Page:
Plastic Pollution

In 1955, when 2 million tonnes of plastic were produced globally, Life magazine celebrated the dawn of “throw-away living,” thanks to disposable plastics. 60 years later, in 2015, 406 million tonnes of plastic were produced worldwide; a figure that keeps rising at a meteoric rate.

Plastic is indispensable for many applications, including surgical gloves and condoms, and in packaging foods to keep them fresh longer, thereby reducing food waste. Plastic is also eminently disposable. 36% of the plastic produced was used once or twice and then thrown away.

13 million tonnes of plastic refuse went into the world’s oceans in 2015. At that disposal rate, marine plastic will outweigh fish by 2050. But this projection is a gross understatement. Plastic production is expected to double between 2015 and 2035.

60% of the plastic produced is less dense than seawater. Wind-driven upper ocean currents act as gyres to distribute and concentrate buoyant seaborne plastic. There are 5 major ocean gyres on Earth at the present time.

Several huge plastic garbage deposits have formed throughout the world’s oceans, where plastic permeates the entire ocean depth in considerable concentration. The Great Pacific garbage patch in the northern Pacific Ocean is exemplary. This plasticized vortex is mostly comprised, volume-wise, of small bits (microplastics). By weight, nearly half of the plastic comes from discarded fishing nets, which readily snag sea life.

Marine plastic is consumed by oceanic life, and by those who eat seafood. At least 2/3rds of the seafood eaten has plastic in it.

Many toothpastes, personal cleansing and cosmetic products now include tiny, wrongly-presumed-harmless plastic microbeads intended to help keep skin, scalp, and pearly whites clean. A single application of a product with microplastics can release 100,000 of these miniscule beads. Harmless they are not.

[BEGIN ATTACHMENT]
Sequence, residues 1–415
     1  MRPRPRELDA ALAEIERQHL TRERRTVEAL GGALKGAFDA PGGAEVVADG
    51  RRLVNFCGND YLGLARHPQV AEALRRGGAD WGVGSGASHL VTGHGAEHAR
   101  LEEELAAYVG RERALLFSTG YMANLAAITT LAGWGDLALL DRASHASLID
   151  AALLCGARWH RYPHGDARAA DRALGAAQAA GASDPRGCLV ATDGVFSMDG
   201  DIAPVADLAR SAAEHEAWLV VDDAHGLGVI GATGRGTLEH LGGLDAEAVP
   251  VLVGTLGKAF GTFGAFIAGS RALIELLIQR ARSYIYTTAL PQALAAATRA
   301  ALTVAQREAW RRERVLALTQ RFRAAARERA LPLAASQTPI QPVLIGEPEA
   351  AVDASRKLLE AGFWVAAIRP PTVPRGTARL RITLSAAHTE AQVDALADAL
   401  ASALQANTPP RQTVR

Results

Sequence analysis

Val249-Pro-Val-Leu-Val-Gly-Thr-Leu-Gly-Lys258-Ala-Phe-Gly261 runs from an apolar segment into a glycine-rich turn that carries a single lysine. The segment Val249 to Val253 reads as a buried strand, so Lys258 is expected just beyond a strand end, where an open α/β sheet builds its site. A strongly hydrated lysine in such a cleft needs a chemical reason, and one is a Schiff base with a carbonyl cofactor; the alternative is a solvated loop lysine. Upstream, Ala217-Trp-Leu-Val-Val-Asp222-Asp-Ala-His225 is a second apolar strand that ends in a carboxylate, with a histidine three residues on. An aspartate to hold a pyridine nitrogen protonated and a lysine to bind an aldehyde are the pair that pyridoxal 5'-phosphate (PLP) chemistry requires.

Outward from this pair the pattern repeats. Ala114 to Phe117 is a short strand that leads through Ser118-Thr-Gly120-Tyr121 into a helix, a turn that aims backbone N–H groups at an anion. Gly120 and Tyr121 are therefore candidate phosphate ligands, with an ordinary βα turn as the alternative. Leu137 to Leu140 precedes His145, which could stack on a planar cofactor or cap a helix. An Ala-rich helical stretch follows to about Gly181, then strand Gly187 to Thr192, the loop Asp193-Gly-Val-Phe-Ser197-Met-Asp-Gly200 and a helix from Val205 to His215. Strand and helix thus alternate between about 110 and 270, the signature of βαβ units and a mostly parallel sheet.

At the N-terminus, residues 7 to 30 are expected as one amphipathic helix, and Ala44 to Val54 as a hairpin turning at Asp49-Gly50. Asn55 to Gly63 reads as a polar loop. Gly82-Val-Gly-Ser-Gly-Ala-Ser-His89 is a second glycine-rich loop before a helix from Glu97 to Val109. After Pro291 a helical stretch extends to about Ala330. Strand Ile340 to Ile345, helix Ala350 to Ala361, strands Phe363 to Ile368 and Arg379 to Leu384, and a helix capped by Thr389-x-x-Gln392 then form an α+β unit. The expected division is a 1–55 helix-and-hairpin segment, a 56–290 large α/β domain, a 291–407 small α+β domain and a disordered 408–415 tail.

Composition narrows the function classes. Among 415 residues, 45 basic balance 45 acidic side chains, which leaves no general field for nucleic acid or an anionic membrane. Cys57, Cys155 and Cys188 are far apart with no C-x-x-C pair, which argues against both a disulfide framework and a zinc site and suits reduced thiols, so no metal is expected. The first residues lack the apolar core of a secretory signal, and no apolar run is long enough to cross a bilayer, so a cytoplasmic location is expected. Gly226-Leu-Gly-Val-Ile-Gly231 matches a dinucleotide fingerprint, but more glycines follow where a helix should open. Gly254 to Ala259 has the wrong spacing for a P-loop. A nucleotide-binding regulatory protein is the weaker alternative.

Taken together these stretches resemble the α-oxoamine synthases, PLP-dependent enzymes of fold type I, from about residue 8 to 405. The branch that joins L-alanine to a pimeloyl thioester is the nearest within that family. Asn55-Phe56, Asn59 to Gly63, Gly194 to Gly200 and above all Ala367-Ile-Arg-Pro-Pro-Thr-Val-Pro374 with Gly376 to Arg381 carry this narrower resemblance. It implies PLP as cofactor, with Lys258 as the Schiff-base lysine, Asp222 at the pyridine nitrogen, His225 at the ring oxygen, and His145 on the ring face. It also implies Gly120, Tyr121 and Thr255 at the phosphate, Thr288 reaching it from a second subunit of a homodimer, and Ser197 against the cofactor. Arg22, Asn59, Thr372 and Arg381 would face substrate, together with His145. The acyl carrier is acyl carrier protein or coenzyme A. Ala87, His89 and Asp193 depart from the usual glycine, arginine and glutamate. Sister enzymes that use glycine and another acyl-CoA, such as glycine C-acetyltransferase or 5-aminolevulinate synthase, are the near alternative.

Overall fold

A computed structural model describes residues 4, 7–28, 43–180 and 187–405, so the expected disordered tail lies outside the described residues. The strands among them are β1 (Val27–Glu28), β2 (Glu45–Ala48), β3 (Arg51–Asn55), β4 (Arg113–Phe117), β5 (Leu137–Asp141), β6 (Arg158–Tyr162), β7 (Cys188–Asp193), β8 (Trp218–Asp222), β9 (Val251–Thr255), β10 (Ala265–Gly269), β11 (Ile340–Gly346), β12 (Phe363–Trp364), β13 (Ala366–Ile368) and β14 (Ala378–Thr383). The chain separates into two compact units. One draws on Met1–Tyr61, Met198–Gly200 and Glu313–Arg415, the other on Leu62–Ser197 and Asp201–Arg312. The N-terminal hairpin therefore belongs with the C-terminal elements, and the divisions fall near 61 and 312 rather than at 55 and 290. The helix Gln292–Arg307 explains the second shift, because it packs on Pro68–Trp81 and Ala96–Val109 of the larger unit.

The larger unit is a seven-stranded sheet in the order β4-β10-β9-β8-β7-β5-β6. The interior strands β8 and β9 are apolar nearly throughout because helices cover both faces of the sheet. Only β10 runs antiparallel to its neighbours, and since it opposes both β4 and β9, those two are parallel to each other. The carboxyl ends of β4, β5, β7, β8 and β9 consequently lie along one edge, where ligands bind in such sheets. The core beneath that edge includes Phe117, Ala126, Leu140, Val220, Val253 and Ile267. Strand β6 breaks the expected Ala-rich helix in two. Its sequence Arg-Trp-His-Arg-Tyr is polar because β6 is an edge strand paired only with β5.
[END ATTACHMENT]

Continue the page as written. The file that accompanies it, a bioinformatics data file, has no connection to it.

Microbeads are only the beginning of microplastic. Roughly half of the plastics made are single- or limited-use films which degrade into bits of microplastic. Microplastic granulates.

“Polyethylene, which is the most produced and discarded synthetic polymer globally, is the most prolific emitter of greenhouse gases,” noted Canadian biological oceanographer Sarah-Jeanne Royer.

Plastic pollution has permeated the planet, from the poles to the deepest ocean crevices. Scientists have been stunned to discover plastics in the most remote locations. “Microplastics can reach and affect remote, sparsely inhabited areas through atmospheric transport,” reported French ecologist Deonie Allen.

Microplastic rains down from the sky and is increasingly filling the air. Urban dwellers around the world are breathing in disgusting doses of micron-sized plastics. “London air has a high abundance of microplastics,” said English ecologist Stephanie Wright.

Enough is known about the toxicity of plastic ingestion to say that it poses a health hazard and that some is downright poisonous. There is no question that the world is currently choking on plastic pollution, and that the infestation is worsening.

For a fuller brief on plastics, read The Fruits of Civilization.

References:

Dharna Noor, “Plastic-production emissions could triple to one-fifth of Earth’s carbon budget,” The Guardian (18 April 2024).

Helene Wiesinger et al, “Deep dive into plastic monomers, additives, and processing aids,” Environmental Science & Technology (21 June 2021).

Ishi Nobu, The Fruits of Civilization, BookBaby (2019).

Damian Carrington, “Revealed: microplastic pollution is raining down on city dwellers,The Guardian (27 December 2019).

Damian Carrington, “Alarm as study shows how microplastics are blown across the world,” The Guardian (15 April 2019).

Steve Allen et al, “Atmospheric transport and deposition of microplastics in a remote mountain catchment,” Nature Geoscience (15 April 2019).

Damian Carrington, “People eat at least 50,000 plastic particles a year, study finds,” The Guardian (5 June 2019).

Damian Carrington, “Microplastic pollution in oceans is far worse than feared, say scientists,” The Guardian (5 June 2019).

Roland Geyer et al, “Production, use, and fate of all plastics ever made,” Science Advances (19 July 2017).